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July 16, 1999
Sonny Mehta Is Recovering From A Triple Bypass Surgery in New York
A P Kamath in New York
Sonny Mehta, president and editor-in-chief of Alfred A Knopf, the publisher of some the most influential and popular books in the United States, is recovering from a triple bypass surgery at a New York hospital.
A heavy smoker, 57-year-old Mehta was lured from England 12 years ago to lead Knopf, the company that made a name in the 1940s when it published the works of such writers as Thomas Mann.
When he was hired, there was speculation over how long Mehta, who had led a small but influential publishing imprint in England, would last in the fierce New York market. In an interview with New York magazine over a decade ago, Mehta had spoken about his Sikh culture, and how he had acquired the "warrior" mentality. India born Ajay Singh Mehta is hardly known by his first name; he does not wear a turban but spots a beard and the kada.
Mehta is recovering well and is expected to be back at Knopf "after a reasonable time," a spokesman for Random House, the parent company, said on Thursday. Mehta's wife, Gita, flew in from England on Thursday to be with her recuperating husband, Random House said.
Mehta's prodigious energy and talent for editing has been praised by a slew of writers, including comparatively new writers who found in him a fount of encouragement.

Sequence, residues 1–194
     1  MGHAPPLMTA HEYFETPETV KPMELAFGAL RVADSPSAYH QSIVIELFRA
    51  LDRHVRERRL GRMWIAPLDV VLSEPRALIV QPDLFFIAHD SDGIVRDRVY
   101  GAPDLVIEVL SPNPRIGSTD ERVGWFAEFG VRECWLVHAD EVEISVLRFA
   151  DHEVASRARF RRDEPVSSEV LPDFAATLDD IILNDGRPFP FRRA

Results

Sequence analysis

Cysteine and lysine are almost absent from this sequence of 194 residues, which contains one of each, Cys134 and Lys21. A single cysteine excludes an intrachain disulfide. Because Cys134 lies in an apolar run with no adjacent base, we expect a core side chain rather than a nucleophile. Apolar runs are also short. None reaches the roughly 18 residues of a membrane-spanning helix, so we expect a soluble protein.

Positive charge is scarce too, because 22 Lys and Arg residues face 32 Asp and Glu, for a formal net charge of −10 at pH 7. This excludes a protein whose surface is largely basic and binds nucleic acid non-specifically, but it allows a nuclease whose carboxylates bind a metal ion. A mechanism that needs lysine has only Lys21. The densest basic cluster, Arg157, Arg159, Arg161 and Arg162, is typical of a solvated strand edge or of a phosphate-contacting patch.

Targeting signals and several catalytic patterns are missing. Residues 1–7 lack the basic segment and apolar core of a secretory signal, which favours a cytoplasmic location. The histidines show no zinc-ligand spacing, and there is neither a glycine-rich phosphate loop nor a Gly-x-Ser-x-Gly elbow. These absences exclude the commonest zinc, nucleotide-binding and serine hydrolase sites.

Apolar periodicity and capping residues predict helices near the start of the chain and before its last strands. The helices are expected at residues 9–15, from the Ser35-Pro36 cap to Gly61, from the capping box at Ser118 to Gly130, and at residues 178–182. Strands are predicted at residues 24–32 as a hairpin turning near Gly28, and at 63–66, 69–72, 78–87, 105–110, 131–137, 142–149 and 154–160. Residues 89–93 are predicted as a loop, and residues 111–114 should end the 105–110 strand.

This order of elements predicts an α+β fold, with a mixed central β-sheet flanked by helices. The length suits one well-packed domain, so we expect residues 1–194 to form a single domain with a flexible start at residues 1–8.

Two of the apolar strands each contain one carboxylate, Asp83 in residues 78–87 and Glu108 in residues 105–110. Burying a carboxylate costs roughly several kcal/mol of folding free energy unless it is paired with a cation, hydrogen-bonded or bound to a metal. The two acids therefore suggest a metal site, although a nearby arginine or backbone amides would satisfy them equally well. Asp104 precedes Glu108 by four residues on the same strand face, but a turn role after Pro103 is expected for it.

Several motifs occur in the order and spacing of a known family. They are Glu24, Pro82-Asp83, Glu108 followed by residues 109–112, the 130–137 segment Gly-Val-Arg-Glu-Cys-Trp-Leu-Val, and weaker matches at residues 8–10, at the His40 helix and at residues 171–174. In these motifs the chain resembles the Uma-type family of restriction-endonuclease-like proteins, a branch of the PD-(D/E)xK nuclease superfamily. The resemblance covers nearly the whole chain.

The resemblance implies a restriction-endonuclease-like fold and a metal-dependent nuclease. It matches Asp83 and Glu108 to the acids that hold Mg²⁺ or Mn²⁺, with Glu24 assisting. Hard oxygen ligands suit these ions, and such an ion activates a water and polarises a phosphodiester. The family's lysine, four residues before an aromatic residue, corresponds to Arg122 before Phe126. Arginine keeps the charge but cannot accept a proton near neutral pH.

They also admire his energy and the demand he makes from them.
A few years ago Esquire magazine observed that at a late night party Mehta ate very little, drank all night without getting drunk, and "seemed to revel in his companions' loss of control." The next day, as is the typical case with him, he was ready early in the morning for a long day's haul.
Among the current acclaimed Knopf books are The View From Alger's Window: A Son's Memoir by Tony Hiss.
The editors of The New York Times Book Review have included these five Knopf titles in their roundup of the Best Books of 1998. In fiction, Birds of Americaby Loorie Moore, Preston Falls by David Gates, and The Love of a Good Woman, Alice Munro were selected. And in non-fiction, Richard Fortey's Life: A Natural History of the First Four Billion Years on Earth was chosen along with The Unknown Matisse by Hilary Spurling.
"When Mehta was chosen to lead Knopf some people said he would turn the company into a popular potboiler division," notes writer and film-maker Paul Noglows. "They forgot that Knopf had always published popular writers along with the likes of Mann. And Sonny Mehta continued doing just that."
Ric Ornellas, a literary editor in New York, agreed:
"On one hand, he would acquire The First World War (by John Keegan), and on the other, the latest thriller by Richard North Patterson. Now, how many publishers can match him?"
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